But instead of following the Supreme Court decision, the government just legislated a new version of the law, this time worse than the first, which permits it to incarcerate people ad infinitum, forever. And that's the situation on the ground right now.

They can only hold about 3,000 people in these jails, desert jails. The idea is pack them in there, don't give them food or vegetables or hot water or, you know, anything besides the container that they're living in in the cold, and then eventually they'll become so miserable they'll agree to leave, and then they can round up another 3,000. And that'll be some kind of processing that they can just quickly bottleneck people out of the country.

NOOR: And so, in February a record number of African asylum seekers self-deported, some 1,700. So talk about the current situation, what's happening on the ground today. Why are these people leaving?

SHEEN: Well, it's clear that the forces in society are stacked against them. Eighty percent of Israelis in a recent poll said that they want all Africans gone. You know, over 60 percent want them all kicked out of the country outright. Another 20 percent want them jailed. So 80 percent want them cleared out of Israeli population centers. Then the government clearly is, you know, pushing them out.

And so with no help from people on the street, just a real handful of Israelis, who themselves are marginalized and hated for supporting the Africans, really, what is their salvation? The courts come to their cause, but then the government disregards it.

So, many people see that I could sit in jail in some foreign country for the rest of my life, or I could die in my home country. Maybe that's an option.

NOOR: But Israel is—by international treaty, it's prevented from sending them back to the country of origin, right? So they're sending them to third-party countries now. Is that correct?

SHEEN: Both. I mean, first of all, what Israel's doing is, in order to present to the world a face of this is voluntary, they're sitting people in front of cameras and interviewing them. So is this voluntary? Yes. I am agreeing voluntarily to leave the country, so that they can then show people, well, they've already agreed. I mean, according to the United Nations, clearly, anyone who's in jail can't agree to be deported voluntarily. But they're covering their backs that way.

And then in some cases the government is deporting them to third countries. But when you ask these third countries, is this in fact what you've agreed to, we've signed no agreements, we've agreed to nothing, and we haven't agreed to protect these people's refugee rights. So Israel isn't sending them to a place where they'll be safe; it's just sending them to any place that'll accept Israel's money, weapons, and weapons training in exchange.

NOOR: And one of the arguments that you hear in the Israeli press, and even by Miss Israel, who's on tour in the U.S. right now—it was actually a Ethiopian-Israeli woman—is that these asylum seekers are dangerous and they're a threat to peace, a threat to the public, and they're raping—they're carrying out these rapes all across Israel.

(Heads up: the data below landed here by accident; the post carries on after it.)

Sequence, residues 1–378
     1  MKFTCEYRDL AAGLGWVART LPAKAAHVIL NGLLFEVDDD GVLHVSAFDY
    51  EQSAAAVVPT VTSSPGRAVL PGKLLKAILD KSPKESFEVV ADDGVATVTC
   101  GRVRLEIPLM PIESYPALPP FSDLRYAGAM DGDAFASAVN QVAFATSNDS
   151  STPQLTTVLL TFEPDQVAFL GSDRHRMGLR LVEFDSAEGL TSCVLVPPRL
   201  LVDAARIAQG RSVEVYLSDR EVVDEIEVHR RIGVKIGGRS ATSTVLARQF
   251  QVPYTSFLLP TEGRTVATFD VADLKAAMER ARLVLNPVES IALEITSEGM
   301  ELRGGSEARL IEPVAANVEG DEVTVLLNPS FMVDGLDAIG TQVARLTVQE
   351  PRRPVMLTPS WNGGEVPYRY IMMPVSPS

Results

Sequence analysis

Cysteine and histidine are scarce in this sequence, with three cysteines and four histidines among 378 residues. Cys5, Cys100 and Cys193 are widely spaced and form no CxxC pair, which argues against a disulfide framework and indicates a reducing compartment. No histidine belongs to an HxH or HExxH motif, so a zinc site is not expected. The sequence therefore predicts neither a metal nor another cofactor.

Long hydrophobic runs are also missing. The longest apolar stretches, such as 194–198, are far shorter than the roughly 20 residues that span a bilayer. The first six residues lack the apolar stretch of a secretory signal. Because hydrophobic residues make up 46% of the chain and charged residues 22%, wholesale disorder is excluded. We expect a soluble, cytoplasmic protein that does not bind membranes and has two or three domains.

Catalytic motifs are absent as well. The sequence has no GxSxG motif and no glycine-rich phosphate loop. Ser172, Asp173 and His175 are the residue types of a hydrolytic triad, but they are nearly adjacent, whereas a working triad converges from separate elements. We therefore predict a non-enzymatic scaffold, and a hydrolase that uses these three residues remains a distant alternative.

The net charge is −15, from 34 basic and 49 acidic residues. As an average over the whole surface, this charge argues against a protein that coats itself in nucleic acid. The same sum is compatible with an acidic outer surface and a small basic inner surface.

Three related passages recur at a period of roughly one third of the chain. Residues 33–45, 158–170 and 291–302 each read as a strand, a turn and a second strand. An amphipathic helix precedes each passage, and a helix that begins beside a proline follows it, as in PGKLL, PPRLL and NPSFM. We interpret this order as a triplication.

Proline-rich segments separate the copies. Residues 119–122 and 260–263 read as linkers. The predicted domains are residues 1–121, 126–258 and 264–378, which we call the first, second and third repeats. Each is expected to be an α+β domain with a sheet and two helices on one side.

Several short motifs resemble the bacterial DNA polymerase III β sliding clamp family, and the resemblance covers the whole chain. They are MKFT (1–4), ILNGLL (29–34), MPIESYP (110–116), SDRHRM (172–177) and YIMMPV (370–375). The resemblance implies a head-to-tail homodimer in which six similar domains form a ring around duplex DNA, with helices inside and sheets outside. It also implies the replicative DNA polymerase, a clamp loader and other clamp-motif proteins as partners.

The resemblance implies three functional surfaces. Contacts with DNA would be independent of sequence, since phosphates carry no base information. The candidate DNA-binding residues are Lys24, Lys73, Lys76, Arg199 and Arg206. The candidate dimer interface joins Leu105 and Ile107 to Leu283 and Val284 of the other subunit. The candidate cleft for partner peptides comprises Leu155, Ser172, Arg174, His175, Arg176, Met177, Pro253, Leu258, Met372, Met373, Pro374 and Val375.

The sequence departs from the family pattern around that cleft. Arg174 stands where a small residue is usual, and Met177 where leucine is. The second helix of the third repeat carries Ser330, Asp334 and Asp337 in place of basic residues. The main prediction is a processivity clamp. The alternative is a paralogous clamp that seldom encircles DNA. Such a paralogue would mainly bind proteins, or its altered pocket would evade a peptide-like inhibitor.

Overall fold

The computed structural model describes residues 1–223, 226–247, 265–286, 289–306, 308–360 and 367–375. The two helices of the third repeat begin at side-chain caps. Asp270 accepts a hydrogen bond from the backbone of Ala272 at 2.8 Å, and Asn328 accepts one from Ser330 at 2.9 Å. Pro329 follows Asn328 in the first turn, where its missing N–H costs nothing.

What's your response? Is there a legitimate concern for the safety of Israelis?

SHEEN: Well, I mean, the idea that this group of people is somehow collectively responsible for increasing crime, even police statistics in Israel consistently show that Africans actually have a lower crime rate than native Israelis. It's not zero crime rate. I wouldn't expect it to be a zero crime rate, especially since the government doesn't permit them to work. So how are you going to eat, how are you going to have a place to live without permission to work? People are working under the table or petty crime. So I don't expect a zero crime rate.

But I think you're more likely to be raped by an Israeli politician in Israel. If you just look statistically, from the president of the country Moshe Katsav to justice ministers sexually harassing, to the chief of police of Jerusalem, I mean, mayor of Kiryat Malakhi, one after the other, top Israeli officials are either convicted of rate or sexual assault or sexual harassment. It's a very big problem in the country. And I don't think that the Israeli leadership should be the ones pointing at another population as proportionately, you know, responsible for rape. I think they should look inward and see how to tackle that problem in Israeli society.

NOOR: Well, David Sheen, this wraps up the first part of our conversation, but we'll continue it in part two. We'll post both parts at Thank you so much for joining us.

SHEEN: Thanks.

NOOR: Thank you for joining us on The Real News Network.


DISCLAIMER: Please note that transcripts for The Real News Network are typed from a recording of the program. TRNN cannot guarantee their complete accuracy.